The Romney family is bidding to buy a small stake in the Yankees months after their try for the Marlins stalled. If the deal goes through, it is expected to be $25 million to $30 million per percentage point and thought to be interested in one or two percentage points. The Yankees are valued around $3 billion or more.

The effort is being led by Mitt’s son Tagg, one of his brothers and their business partners. Mitt’s spokesman tells Jon Heyman that he has nothing to do with it personally. Tagg Romney is reported to have been planning a bid for controlling interest in the Marlins, but that has fallen through.

I find this interesting insofar as the M.O. for the Steinbrenners has, for years, been to buy out minority shareholders in the Yankees, not seek more. Indeed, when George Steinbrenner bought the Yankees back in 1973 he held just a bare controlling interest and there were a ton of silent partners, most of which were back in Ohio and knew Steinbrenner from his shipping business. I’ve personally gotten to know some of them over the years as there are a handful of them in Columbus and I crossed paths with them in my legal career. They have almost all been bought out in the past couple of decades. They still get season tickets and World Series rings and stuff. You can tell them by their personalized Yankees plates and the fact that, within the first ten minutes of meeting them, they will tell you that they once owned a piece of the Yankees but got pushed out.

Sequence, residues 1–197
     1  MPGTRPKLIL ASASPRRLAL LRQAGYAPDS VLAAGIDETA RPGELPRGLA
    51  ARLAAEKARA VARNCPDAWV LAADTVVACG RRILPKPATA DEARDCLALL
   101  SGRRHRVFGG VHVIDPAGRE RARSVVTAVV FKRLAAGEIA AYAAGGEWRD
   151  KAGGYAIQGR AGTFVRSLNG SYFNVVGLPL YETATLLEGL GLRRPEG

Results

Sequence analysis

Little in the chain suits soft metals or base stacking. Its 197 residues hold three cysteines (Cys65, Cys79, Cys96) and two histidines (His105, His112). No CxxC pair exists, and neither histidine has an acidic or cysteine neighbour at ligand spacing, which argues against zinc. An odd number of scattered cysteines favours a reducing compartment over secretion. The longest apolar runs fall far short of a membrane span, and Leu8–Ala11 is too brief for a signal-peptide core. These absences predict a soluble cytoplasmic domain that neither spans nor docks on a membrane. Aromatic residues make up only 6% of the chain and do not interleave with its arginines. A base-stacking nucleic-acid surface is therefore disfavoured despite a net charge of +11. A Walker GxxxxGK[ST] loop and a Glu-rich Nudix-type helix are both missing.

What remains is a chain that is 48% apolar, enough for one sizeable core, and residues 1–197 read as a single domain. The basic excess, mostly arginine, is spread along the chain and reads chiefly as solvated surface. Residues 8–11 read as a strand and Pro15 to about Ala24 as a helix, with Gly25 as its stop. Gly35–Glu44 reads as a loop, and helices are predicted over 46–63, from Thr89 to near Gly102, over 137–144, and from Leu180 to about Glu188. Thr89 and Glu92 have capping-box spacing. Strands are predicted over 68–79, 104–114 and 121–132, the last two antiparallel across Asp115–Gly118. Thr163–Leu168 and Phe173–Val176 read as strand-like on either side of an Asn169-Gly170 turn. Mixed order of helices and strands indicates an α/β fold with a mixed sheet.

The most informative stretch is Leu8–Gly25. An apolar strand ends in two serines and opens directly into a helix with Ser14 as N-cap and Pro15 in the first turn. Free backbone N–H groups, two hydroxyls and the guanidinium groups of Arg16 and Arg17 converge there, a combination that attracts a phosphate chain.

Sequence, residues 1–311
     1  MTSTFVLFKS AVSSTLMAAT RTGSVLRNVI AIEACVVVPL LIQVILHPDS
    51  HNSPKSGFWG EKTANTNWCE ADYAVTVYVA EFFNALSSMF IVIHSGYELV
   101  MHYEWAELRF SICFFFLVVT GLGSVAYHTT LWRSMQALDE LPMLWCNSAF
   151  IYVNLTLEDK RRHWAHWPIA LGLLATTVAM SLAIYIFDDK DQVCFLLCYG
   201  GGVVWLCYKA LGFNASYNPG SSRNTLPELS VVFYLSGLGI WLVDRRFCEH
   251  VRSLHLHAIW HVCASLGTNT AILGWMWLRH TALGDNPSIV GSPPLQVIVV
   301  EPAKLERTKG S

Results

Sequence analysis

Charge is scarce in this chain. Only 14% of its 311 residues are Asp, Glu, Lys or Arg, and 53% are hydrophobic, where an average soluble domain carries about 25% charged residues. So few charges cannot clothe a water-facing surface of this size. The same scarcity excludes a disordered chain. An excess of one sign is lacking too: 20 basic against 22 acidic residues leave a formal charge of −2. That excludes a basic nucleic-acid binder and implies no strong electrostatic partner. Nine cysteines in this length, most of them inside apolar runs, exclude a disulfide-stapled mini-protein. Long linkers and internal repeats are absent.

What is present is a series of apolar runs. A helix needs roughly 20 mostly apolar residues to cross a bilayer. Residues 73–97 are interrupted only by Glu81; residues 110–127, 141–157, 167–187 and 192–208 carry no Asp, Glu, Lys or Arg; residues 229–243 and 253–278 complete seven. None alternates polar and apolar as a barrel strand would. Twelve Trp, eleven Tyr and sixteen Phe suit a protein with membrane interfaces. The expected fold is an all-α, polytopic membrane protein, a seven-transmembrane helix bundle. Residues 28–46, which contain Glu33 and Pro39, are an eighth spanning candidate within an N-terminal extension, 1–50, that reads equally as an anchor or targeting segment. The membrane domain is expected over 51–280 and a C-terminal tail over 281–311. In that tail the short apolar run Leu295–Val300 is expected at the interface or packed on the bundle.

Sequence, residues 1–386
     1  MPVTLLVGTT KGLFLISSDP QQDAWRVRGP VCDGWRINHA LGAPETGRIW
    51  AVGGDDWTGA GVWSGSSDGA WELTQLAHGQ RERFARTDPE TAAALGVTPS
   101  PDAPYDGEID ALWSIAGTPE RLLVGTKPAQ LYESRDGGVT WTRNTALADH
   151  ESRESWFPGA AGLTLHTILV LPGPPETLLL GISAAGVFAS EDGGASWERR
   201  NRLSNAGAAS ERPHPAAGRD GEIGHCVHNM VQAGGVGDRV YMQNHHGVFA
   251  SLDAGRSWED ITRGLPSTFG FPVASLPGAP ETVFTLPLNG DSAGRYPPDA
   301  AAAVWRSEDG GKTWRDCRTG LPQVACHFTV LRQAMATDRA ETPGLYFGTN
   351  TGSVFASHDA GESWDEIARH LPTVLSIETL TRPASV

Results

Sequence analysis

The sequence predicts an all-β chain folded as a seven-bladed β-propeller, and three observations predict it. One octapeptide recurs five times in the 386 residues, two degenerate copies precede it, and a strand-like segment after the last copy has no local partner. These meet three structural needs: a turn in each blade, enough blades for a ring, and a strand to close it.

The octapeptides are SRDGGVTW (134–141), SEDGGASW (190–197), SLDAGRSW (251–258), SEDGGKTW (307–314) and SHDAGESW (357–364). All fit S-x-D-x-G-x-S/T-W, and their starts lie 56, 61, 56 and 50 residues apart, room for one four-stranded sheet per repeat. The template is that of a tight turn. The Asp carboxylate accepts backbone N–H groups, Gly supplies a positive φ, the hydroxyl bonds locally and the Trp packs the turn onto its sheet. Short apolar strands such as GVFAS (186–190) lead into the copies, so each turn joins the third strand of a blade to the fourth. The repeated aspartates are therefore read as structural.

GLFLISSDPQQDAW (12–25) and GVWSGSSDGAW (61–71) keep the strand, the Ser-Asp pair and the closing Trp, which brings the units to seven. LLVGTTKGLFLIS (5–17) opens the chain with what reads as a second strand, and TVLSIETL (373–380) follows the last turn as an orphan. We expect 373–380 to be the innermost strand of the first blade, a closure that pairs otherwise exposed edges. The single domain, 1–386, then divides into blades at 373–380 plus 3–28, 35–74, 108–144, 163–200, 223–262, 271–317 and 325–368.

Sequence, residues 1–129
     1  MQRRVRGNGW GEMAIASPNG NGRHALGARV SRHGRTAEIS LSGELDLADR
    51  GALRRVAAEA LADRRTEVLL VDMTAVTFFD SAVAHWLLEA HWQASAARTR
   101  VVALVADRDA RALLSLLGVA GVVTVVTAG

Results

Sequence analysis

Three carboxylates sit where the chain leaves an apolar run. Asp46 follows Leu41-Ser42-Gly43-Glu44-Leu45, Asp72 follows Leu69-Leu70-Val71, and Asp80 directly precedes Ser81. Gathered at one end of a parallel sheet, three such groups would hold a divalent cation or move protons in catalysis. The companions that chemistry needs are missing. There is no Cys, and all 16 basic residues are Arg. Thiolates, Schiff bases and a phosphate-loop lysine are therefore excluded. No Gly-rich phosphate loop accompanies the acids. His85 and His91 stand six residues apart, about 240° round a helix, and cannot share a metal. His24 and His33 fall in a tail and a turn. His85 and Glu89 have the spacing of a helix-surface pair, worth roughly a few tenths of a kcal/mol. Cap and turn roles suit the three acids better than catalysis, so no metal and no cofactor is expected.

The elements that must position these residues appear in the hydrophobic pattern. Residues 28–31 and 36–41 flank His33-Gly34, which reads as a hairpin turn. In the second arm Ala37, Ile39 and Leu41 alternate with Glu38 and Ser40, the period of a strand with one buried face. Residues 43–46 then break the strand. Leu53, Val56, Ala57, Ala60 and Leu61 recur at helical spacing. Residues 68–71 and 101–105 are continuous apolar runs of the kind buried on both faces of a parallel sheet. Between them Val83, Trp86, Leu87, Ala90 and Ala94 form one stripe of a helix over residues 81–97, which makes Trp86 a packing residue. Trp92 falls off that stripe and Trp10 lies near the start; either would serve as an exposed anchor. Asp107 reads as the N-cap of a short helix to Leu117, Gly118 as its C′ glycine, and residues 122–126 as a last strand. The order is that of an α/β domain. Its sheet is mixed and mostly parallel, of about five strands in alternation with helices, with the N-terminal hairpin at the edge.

In light of all of that it’s interesting that the Steinbrenners are once again accepting bids for small stakes in the team. Especially from someone whose interest in controlling the Marlins suggests that they do not consider it to be a mere vanity investment. Makes me wonder what the Steinbrenners’ long term plans are.